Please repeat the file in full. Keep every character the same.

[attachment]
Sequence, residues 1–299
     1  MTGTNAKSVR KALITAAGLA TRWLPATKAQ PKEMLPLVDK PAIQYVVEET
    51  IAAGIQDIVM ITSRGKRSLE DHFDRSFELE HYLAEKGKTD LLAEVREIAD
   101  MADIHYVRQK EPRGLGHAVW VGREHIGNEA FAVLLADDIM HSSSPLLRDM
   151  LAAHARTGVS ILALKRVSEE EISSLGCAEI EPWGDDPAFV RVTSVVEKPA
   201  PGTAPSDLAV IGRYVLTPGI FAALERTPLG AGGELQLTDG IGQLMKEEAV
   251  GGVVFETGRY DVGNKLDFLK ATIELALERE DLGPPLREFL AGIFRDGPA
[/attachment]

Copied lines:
Sequence, residues 1–299
     1  MTGTNAKSVR KALITAAGLA TRWLPATKAQ PKEMLPLVDK PAIQYVVEET
    51  IAAGIQDIVM ITSRGKRSLE DHFDRSFELE HYLAEKGKTD LLAEVREIAD
   101  MADIHYVRQK EPRGLGHAVW VGREHIGNEA FAVLLADDIM HSSSPLLRDM
   151  LAAHARTGVS ILALKRVSEE EISSLGCAEI EPWGDDPAFV RVTSVVEKPA
   201  PGTAPSDLAV IGRYVLTPGI FAALERTPLG AGGELQLTDG IGQLMKEEAV
   251  GGVVFETGRY DVGNKLDFLK ATIELALERE DLGPPLREFL AGIFRDGPA